A genuine outdoor laboratory, the Marine Park hosted several research groups from different backgrounds and their projects over the course of the past year, as detailed in the list below:

A wide variety of subjects were studied in this rich ecosystem, namely:

Explos-Nature divers deploy a Parks Canada hydrophone.

Beluga 16%
Whales 15%
Coastal habitats 9%
Invertebrates 9%
Fish 8%
Seals 7%
Oceanography 6%
Acoustic 5%
Birds 5%
Others 5%
Navigation 4%
Plankton 4%
Sediment 4%
Contaminants 2%
Invasive species 1%

Ciktek: A new offshore research platform

The Ciktek and its crew during an offshore trip to the Upper Estuary.

The Wolastoqiyik Wahsipekuk First Nation has generously made its hybrid vessel Ciktek and its crew available for scientific purposes. The craft was notably solicited to participate in seal monitoring and censusing in the St. Lawrence Estuary.

Several anemones of this type inhabit the rocky walls of the Saguenay Fjord.

The rocky walls of the Saguenay Fjord and the invertebrates that make their home there were the subject of two studies last summer: one conducted by the Groupe de recherche sur l’écosystème du fjord du Saguenay (GREFS) and another carried out by the Trebek Initiative, a financial collaboration between the National Geographic Society and the Royal Canadian Geographical Society.

Drone image showing the coastal habitat in Baie Sainte-Marguerite undergoing scientific monitoring.

Parks Canada’s new coastal habitat monitoring focuses on the issues of coastal erosion and the characterization of herbaceous zones. The sectors studied were Baie Sainte-Marguerite (in collaboration with Sépaq) and the coves known as Anse Saint-Étienne and Anse Saint-Jean.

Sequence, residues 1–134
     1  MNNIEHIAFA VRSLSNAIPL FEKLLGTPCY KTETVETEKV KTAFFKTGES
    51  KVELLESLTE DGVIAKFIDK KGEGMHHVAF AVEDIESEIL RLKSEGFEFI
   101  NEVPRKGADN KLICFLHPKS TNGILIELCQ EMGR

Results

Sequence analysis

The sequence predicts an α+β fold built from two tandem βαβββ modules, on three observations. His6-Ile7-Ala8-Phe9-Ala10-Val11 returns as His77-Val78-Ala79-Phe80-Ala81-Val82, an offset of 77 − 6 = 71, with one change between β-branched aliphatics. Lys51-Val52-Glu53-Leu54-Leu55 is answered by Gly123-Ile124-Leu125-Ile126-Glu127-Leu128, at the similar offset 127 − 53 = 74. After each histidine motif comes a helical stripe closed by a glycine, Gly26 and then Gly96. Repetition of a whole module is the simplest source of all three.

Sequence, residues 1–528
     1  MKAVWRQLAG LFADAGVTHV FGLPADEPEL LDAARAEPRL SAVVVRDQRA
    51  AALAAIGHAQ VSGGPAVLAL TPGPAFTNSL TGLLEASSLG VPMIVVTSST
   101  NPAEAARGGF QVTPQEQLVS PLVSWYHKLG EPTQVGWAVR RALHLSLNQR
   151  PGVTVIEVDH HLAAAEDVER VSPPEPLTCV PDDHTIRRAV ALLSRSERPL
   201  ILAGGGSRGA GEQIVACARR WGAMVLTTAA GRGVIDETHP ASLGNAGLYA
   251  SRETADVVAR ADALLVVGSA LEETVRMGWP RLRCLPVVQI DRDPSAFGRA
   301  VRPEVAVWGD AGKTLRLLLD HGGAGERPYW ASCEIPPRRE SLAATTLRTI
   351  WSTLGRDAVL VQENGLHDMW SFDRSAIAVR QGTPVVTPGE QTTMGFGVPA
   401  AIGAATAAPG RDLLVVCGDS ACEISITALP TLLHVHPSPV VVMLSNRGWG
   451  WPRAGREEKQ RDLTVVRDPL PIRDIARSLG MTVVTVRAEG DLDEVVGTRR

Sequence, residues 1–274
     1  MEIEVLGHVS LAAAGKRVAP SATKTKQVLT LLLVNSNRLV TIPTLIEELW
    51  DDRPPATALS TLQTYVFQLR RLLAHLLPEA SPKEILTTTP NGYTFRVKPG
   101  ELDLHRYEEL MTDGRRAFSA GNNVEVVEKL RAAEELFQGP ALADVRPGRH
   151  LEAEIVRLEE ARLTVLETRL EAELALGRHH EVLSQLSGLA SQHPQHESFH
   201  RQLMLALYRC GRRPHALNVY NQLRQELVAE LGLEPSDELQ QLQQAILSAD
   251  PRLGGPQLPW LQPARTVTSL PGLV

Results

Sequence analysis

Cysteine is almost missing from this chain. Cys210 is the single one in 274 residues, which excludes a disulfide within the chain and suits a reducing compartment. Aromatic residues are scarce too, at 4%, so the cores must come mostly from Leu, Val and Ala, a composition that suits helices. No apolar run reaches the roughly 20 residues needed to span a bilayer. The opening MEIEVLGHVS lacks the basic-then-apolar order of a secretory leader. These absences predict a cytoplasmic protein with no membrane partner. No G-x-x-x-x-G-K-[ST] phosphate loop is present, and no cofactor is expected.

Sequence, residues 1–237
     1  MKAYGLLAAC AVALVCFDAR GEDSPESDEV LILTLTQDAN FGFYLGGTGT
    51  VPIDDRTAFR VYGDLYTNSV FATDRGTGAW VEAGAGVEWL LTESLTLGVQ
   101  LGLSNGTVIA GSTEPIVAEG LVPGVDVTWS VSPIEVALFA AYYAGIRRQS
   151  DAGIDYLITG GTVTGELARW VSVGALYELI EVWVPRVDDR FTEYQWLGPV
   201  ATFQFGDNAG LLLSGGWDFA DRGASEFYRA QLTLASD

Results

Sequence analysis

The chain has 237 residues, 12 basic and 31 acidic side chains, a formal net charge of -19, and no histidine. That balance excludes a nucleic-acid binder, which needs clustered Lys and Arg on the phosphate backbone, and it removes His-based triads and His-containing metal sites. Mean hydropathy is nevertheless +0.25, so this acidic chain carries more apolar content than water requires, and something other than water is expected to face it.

3

An increasingly engaged community

Cross-sectoral collaboration is essential to protect the species inhabiting the Marine Park. Numerous stakeholders, partners, residents and visitors contribute to this protection.

Photo : Genevieve LeSieur

1,218 pleasure boaters and kayakers were the targets of outreach efforts on the water and in the marinas.
162 captains and kayak guides passed the exam on the Marine Activities in the Saguenay-St. Lawrence Marine Park Regulations.
21 places of discovery to learn more about the ecosystems and cultural heritage of the Marine Park.
➔ Parks Canada’s onshore marine mammal observation centres received over 69,000 visitors last year.
➔ Fjord-du-Saguenay National Park presented a new interpretation activity entitled “À la rencontre de deux géants” (Encounter with two giants), which was highly popular at Tadoussac’s Pointe de l’Islet.
➔ The Marine Park was featured in over 50 official film shoots.
2 Two park warden programs are being carried out with the Wolastoqiyik Wahsipekuk First Nation and the Essipit Innu First Nation. Carried out in collaboration with Parks Canada, this initiative aims to strengthen the role of First Nations communities in the governance of their ancestral territory and to promote knowledge transmission.
10 members sit on the Marine Park Coordination Committee, which brings together representatives of six adjacent regional county municipalities (RCMs), the Essipit Innu First Nation, the Wolastoqiyik Wahsipekuk First Nation as well as representatives of the science and education spheres.